Cattle in yards

The dramatic fall in the Eastern Young Cattle Indicator (EYCI) in recent weeks has taken the market by surprise. July is normally a time of rising prices, but a few left field influences seem to have taken the sting out the market. So where is the support going to be found.

The slide in the EYCI show no sign of abating early this week.  There was some sign of recovery last week, but Monday saw the indicator lose a further 13¢ to hit 992¢/kg cwt.  Prices are by no means disastrous, they are still on a par with the same time last year.

Finding where prices are headed from here is the difficult part.  There is a case to be made for a spring rally, similar to what we saw last year and in 2020 (figure 1).  The argument goes that the current downturn has been caused by poorer quality cattle hitting the market, dragging prices lower.  The spectre of Foot and Mouth Disease (FMD) is certainly not helping, and is no doubt impacting demand.

We can also see that paddock rates for feeders, and over the hooks rates for slaughter cattle haven’t eased as sharply as saleyards, which suggests quality cattle are still being sought after.  As such spring restocker demand and better quality hitting the market should see saleyard indicators rise.

The other side of the argument is that we have seen the top, and the herd rebuild is finally seeing more young cattle available, which will continue through the spring.  This will inevitably see further price declines.

Long time readers will know that we use the 90CL Frozen Cow export price as a benchmark for international demand.  As outlined last week, the EYCI premium to the 90CL has shrunk to 120¢.  Historically the average premium is close to zero, but that doesn’t mean we’ve got another 120¢ of price falls to come.

Figure 2 shows how the annual cattle slaughter rate relates to the EYCI premium or discount to the 90CL.  The trendline fits pretty well, with higher slaughter rates seeing a lower EYCI, and vice versa.  Last year was a record premium for the EYCI, averaging 218¢, with slaughter just over 6 million.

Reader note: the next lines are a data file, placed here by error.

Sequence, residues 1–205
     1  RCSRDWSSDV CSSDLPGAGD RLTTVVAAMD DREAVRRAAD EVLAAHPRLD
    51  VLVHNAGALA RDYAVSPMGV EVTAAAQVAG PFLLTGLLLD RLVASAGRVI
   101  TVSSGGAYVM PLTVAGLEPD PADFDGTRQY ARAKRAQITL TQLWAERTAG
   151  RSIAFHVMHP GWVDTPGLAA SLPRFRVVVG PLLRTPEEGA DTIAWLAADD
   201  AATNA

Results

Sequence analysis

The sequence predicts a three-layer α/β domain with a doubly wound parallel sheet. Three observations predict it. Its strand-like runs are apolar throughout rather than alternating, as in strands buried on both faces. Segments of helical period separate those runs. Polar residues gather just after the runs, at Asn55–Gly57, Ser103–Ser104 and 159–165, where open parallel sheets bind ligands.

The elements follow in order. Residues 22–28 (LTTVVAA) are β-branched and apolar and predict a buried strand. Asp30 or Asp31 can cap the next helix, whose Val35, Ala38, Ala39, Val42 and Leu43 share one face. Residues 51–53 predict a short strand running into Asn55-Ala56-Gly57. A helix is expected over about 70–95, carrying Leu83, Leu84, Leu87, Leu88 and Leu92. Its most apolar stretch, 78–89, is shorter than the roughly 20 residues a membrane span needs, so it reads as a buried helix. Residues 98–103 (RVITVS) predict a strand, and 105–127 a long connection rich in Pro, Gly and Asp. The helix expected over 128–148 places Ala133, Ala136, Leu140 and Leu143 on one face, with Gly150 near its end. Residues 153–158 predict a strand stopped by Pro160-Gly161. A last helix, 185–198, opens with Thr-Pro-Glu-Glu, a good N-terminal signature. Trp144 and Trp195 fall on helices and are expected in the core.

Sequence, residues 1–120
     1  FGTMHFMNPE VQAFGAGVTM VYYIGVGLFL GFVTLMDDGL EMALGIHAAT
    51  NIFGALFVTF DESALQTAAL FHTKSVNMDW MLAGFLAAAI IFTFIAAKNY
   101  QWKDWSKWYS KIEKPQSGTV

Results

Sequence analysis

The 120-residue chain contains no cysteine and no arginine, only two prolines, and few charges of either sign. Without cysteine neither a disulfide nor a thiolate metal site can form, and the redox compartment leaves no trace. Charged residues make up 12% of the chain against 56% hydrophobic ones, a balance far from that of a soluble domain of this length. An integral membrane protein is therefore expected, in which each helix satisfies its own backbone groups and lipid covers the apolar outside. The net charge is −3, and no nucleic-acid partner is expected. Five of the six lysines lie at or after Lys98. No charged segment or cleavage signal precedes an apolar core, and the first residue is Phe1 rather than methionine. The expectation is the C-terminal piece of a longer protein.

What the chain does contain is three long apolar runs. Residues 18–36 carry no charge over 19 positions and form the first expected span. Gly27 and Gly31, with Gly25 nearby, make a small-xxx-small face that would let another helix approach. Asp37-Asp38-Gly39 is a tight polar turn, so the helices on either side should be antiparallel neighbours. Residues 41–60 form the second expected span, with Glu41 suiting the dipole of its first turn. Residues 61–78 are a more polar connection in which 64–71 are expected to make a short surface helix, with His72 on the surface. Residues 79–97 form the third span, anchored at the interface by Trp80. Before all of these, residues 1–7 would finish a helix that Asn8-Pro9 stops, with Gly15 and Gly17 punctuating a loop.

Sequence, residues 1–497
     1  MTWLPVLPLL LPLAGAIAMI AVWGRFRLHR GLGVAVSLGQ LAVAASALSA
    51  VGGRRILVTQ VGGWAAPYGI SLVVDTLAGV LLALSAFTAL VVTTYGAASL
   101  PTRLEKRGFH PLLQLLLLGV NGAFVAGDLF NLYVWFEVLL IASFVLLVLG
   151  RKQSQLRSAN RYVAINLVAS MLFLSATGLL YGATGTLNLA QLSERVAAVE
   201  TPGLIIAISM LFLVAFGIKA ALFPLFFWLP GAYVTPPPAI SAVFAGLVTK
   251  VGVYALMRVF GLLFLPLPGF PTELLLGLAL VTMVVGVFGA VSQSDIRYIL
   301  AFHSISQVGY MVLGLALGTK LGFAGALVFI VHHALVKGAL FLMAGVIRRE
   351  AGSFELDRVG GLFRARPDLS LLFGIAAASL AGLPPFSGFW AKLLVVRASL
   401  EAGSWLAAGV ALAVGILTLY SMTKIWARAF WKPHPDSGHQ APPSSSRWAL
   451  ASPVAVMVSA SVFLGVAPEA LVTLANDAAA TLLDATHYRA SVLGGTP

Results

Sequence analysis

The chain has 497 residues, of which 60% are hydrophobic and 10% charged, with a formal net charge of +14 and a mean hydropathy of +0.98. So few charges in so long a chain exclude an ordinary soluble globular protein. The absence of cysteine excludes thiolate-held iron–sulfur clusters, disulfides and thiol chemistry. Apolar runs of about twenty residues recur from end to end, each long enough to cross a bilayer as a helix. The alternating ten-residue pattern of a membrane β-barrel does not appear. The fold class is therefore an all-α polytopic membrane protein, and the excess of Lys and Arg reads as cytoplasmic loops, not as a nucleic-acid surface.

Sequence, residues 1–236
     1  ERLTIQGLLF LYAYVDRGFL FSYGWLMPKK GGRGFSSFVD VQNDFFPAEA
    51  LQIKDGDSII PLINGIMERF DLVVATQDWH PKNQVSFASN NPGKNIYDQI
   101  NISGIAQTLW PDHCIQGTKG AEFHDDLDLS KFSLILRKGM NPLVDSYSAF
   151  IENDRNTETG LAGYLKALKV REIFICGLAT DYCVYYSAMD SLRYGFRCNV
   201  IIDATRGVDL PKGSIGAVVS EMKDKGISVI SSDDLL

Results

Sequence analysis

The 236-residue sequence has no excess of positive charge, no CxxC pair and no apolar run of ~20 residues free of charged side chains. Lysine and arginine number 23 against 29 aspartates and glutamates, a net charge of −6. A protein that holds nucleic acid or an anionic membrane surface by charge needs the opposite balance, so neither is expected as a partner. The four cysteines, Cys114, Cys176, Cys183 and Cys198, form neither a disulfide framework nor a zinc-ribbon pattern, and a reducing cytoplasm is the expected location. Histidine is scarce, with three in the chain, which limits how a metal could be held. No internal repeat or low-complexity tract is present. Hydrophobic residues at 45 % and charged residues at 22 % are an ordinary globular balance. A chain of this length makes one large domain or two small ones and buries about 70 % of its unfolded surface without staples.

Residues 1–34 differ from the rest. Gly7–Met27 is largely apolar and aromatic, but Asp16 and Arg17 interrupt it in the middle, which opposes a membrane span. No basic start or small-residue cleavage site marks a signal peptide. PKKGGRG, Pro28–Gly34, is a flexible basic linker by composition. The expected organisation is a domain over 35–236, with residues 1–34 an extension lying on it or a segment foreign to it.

Meat and Livestock Australia’s June cattle projections pegged slaughter for 2022 at 6.15 million head.  Based on the trendline this puts the EYCI at a 129¢ premium to the 90CL.  About where we are now.

What does it mean?

Rising spring supplies could push the EYCI lower relative to the 90CL, as the premium has averaged 212¢ for the year to date.  To get back to an annual average of 129¢, it needs to be much lower for the remainder of the year. 

However, there is a base in the market, and it’s not far away when we consider the EYCI has lost 130¢ in the last month.  For prices to rally back to the 1100¢ level it’s likely we’ll need a good season, rising exports prices and easing FMD concerns.

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Key Points

  • The EYCI fall has taken the market by surprise, with a number of negative factors impacting saleyard values.
  • Slaughter rates and export values points towards some further downside in prices.
  • A price rise is likely to require renewed restocker demand and strong export prices.

Click on figure to expand

Click on figure to expand

Click on figure to expand

Data sources: MLA, Steiner, ABS, Mecardo

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